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Given the tsunami of grim statistics and an even grimmer economic outlook going forward, the Ewing Kauffman Foundation, a private, nonpartisan organization supporting entrepreneurship and innovation, decided to examine the relationship between company success and economic conditions at the time of a firm’s founding and how those conditions impact a startup’s later success.
In the study, “Entrepreneurs and Recessions: Do Downturns Matter?” released today, Kauffmann researchers looked at a list of almost 8,500 companies launched between 1831 and 2006 that went public between 1975 and 2006 – matching the nine economic recessions that transpired against the periods in which each company was founded. Some of the successful companies that the study looked at included Genentech, Microsoft, Southwest Airlines, Morgan Stanley, Allstate, and Krispy Kreme.
The study. headed by senior fellow Paul Kedrosky found that it is slightly more likely that a post-1975 IPO came from a non-recessionary period.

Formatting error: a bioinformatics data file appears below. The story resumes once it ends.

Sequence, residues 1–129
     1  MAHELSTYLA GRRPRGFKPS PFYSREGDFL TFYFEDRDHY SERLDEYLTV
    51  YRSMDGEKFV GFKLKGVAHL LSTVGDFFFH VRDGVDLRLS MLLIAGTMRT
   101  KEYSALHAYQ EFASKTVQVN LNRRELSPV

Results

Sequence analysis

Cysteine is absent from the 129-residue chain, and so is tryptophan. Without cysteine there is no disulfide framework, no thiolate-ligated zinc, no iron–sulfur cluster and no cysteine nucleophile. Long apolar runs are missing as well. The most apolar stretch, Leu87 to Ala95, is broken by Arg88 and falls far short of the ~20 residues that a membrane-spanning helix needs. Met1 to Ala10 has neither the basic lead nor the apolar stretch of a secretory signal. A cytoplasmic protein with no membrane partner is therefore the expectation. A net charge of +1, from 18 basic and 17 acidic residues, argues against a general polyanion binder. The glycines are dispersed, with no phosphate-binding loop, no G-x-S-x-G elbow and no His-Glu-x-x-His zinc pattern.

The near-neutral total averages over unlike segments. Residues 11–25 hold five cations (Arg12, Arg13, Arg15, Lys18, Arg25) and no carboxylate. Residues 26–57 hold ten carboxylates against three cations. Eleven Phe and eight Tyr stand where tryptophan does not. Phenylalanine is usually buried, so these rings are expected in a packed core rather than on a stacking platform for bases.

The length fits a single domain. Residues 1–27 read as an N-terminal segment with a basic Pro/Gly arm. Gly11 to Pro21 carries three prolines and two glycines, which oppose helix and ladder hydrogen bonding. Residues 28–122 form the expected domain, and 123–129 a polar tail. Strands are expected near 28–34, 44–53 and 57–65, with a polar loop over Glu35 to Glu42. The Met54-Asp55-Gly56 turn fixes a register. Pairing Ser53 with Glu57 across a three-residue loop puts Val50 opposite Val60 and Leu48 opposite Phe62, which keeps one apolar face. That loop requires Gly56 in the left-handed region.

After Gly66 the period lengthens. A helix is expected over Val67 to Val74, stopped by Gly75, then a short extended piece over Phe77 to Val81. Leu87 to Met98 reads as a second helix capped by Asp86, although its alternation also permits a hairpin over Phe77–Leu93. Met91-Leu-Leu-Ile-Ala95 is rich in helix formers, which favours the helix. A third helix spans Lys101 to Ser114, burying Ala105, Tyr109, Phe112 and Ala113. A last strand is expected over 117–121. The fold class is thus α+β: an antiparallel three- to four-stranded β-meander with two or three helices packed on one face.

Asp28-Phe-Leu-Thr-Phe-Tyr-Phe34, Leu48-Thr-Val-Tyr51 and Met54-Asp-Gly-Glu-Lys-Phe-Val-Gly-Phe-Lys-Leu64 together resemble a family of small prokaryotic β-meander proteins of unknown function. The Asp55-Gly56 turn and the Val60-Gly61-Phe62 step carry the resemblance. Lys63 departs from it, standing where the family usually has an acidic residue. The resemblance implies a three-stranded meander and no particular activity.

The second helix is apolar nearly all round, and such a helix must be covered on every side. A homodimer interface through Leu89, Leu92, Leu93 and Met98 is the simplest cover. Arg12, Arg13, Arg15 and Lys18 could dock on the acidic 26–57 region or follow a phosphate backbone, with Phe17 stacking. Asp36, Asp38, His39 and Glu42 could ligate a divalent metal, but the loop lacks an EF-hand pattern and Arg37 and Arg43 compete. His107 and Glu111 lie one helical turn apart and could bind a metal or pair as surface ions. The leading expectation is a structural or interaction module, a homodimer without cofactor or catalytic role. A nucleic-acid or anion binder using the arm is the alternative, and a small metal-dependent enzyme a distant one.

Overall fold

The non-recessionary group’s productivity was 83 IPO companies per year, while the recession subset’s productivity was 70 companies per year making initial public offerings.
However, removing the Great Depression and WWII years, both of which have exceptional conditions, shows that 138 companies per year went public in expansion periods, and 140 in recession periods. These data therefore suggest that the likelihood of a company being part of the public IPO set post-1975 is unrelated to whether it came from a recessionary or non-recessionary period.
In short: the Kauffman study found that fewer companies are founded during weak economic periods and that companies established during those periods might be expected to fail at higher rates than those firms founded during more robust times. Lastly, the combination of lower birth rates and higher failure rates may work to reduce the number of outfits established during recessionary periods.
The upshot then is that it is possible to expect fewer companies with enduring success to be launched in a downturn. At the same time the study suggests that recessions simply produce far fewer quality companies than those founded during boom times. As Carl Schramm, the Kauffman’s president and CEO explains: “This study shows that the relationship between company success and economic conditions at the time of a company’s founding is not well understood.”